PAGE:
Thank you for reading.
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Old May 17th, 2020, 01:31 PM
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Dogs are not allowed on trails to protect the dogs as much as anything from the wildlife.
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Old May 17th, 2020, 01:40 PM
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Originally Posted by Gretchen View Post
Dogs are not allowed on trails to protect the dogs as much as anything from the wildlife.
Yes, we understand the reasons and totally agree. Our fat old Foxhound is not exactly an apex predator; he just likes to come along with us on outings.

If you read my report, I applied sarcasm to those who were taking their four-pawed on the hike-ins to some of the historic sites. "They will ruin it for the rest of us who follow the rules."

Last edited by fourfortravel; May 17th, 2020 at 01:44 PM.
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Old May 17th, 2020, 02:03 PM
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Cove is unique to the Appalachians? I didn't know that. Maybe the word came over from Scotland or Ireland.

Glad to see the bears are out and fat. I grew up camping there and they were plentiul then. Too plentiful. They were encouraged, or at least not discouraged, from coming into campgrounds. I often see one near the Cherokee side of the park.
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Old May 17th, 2020, 02:23 PM
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Originally Posted by starrs View Post
Cove is unique to the Appalachians? I didn't know that. Maybe the word came over from Scotland or Ireland.

Glad to see the bears are out and fat. I grew up camping there and they were plentiul then. Too plentiful. They were encouraged, or at least not discouraged, from coming into campgrounds. I often see one near the Cherokee side of the park.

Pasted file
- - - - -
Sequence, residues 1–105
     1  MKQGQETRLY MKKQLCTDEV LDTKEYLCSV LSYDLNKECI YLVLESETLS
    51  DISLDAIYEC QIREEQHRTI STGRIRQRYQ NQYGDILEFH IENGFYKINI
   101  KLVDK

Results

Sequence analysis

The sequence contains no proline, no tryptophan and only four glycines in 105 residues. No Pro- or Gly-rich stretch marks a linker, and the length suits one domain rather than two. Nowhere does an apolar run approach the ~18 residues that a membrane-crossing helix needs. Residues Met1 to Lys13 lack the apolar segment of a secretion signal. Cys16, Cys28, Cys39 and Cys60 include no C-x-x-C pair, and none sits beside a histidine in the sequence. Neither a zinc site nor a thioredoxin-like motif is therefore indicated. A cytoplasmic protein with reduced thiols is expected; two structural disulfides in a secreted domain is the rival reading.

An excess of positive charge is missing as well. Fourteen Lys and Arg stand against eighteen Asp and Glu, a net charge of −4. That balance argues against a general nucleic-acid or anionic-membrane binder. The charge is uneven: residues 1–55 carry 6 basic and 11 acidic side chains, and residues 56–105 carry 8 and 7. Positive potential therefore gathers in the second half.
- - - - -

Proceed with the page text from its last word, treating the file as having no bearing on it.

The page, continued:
I am paraphrasing only from the literature we picked up at the entrance. If one believes the Internet, then, "Cove" is Germanic or maybe Middle English, but that does not preclude its use in the vernacular in the Smokies. We were thrilled, obvs, that the bears were out! Not so much that many visitors were not abiding by the rules, alas.
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Old May 17th, 2020, 03:39 PM
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No, it's used a lot in the Smokies. "Holler" too, but IMO a holler is more narrow than a cove. Just didn't realize "cove" was specific to the Appalachians.
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Old May 18th, 2020, 02:45 AM
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I just didn't understand the "ruin it for the rest of us". I DO despair when people don't follow the rules in a Park which are there for their own good.
When the weather gets a bit warmer that side of the Park is great for tubing on the river.
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Old May 20th, 2020, 01:43 PM
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Fourfortravel, we really enjoyed you photo report from Cades Cove! Over the years, we have spent many week-ends in the Smokies, mostly in early spring and fall, and love Cades Cove. (In the Mtns. of New Hampshire, we learned that a "cove" is a "gulch".) . We've seen our share of bears, but it's still exciting to encounter them (at a distance!) We've never posted a trip report, so we especially appreciate yours. Thanks!
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Old May 24th, 2020, 04:00 AM
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Thanks, Tom. Obviously we're planning to return and tour more thoroughly. The loop is open only to cyclists on two mornings each week, so DH is tuning the bicycles this weekend in anticipation of a return before the weather becomes too unsavory.
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Old May 25th, 2020, 11:42 AM
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Love Cade's Cove. One Spring we went there when it was raining early in the morning. The forecast was calling for rain most of the morning, however, it stopped early and we were the ONLY one we saw driving it. It was divine. We saw some beautiful scenery. We have been probably 10 times and it never gets old. Lovely pictures, thanks for sharing.